The Dell Boys
The Dell Boys

OECD: countries still need to make reforms to improve growth

OECD: countries still need to make reforms to improve growth

The Organisation for Economic Co-operation and Development left its forecast for 3.6 percent global growth this year unchanged, while increasing its outlook for 2018 a tenth of a point to 3.7 percent.

The Paris-based economic think tank now expects the Canadian economy to grow by 3.2 per cent this year, outperforming every other country in the G7 group of advanced economies (i.e. France, Germany, Italy, Japan, the United Kingdom, and the U.S.).

The OECD forecast that the economic growth in Euro area will be 2.1 percent this year while it will be 3.7 percent for G20 countries. The organization maintained its Canadian outlook for 2018 at 2.3 per cent.

The OECD's latest Interim Economic Outlook report also said Japan's real gross domestic product is seen rising 1.6 percent in 2017, up 0.2 point from the June report. However, "strong, sustainable, and inclusive medium-term growth is not yet secured", the OECD wrote.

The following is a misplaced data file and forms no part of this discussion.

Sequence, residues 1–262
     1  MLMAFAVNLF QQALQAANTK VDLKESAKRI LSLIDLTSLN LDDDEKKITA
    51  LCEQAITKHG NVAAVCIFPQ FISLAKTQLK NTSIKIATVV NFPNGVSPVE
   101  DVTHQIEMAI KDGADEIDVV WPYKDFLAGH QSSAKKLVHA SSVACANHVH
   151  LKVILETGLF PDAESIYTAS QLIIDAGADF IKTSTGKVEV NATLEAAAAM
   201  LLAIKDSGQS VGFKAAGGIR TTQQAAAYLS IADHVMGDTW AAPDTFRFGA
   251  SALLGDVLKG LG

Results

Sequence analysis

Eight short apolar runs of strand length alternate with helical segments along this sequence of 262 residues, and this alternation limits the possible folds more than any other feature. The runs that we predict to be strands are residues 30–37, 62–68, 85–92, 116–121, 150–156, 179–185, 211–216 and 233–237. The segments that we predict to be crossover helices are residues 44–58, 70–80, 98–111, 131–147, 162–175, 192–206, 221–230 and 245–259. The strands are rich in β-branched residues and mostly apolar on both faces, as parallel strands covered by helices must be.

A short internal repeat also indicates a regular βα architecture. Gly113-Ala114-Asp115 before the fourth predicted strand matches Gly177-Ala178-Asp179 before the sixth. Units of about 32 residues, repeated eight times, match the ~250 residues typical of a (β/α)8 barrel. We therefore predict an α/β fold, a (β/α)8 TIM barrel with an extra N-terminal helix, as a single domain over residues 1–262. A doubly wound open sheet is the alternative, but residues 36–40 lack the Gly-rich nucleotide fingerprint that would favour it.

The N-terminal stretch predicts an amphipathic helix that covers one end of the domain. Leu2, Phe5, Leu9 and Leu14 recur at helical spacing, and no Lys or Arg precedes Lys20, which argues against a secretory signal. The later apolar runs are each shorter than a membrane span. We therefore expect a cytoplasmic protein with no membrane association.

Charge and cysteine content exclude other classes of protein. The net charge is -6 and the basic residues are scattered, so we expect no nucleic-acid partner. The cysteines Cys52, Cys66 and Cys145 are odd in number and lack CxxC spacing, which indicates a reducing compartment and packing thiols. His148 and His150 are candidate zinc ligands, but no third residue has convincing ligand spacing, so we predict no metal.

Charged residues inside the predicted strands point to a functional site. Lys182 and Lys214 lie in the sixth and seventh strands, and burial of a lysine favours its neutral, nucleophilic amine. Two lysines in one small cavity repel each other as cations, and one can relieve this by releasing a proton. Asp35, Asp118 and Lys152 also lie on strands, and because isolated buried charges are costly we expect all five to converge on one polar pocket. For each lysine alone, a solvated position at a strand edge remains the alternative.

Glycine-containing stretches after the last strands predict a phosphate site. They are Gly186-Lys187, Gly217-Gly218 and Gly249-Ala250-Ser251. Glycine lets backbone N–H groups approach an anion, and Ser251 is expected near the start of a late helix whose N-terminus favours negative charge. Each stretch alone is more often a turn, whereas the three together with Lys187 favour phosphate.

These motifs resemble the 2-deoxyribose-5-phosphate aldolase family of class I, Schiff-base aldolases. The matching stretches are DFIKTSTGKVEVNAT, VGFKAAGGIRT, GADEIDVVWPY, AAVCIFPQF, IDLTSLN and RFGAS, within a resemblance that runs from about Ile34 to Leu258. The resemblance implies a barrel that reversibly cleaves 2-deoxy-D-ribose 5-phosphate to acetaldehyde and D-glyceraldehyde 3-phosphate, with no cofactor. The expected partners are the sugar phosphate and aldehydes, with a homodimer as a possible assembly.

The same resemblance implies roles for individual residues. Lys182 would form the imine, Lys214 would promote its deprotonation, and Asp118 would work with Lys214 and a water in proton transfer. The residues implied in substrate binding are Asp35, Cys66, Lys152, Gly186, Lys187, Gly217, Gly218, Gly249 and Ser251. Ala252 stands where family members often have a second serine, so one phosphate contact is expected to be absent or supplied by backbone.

"The short-term outlook is more broad-based and the upturn is promising, but there is no room for complacency", said OECD Chief Economist Catherine L. Mann. "Monetary policy should remain accommodative in some economies but with an eye on financial stability so as to remain supportive of further rebalancing towards fiscal and structural initiatives".

The Canadian economy has consistently beat analysts' expectations this year, most recently by recording growth of 4.5 per cent between April and June this year, which was far above the consensus forecast of 3.7 per cent.

However, the pace of growth in Canada is expected to slow in the second half of the year. The projection for next year was kept at 2.3%.

"Emerging markets are key for overall global growth - strong future growth depends on deeper reforms".

The OECD predicted better than expected growth in Russian Federation - 2% rather than 1.4% this year and 2.1% rather than 1.6% next year.

The downward revision was due to the transitory effects of demonetization and of the implementation of the Goods and Services Tax (GST), the group said.


editors' picks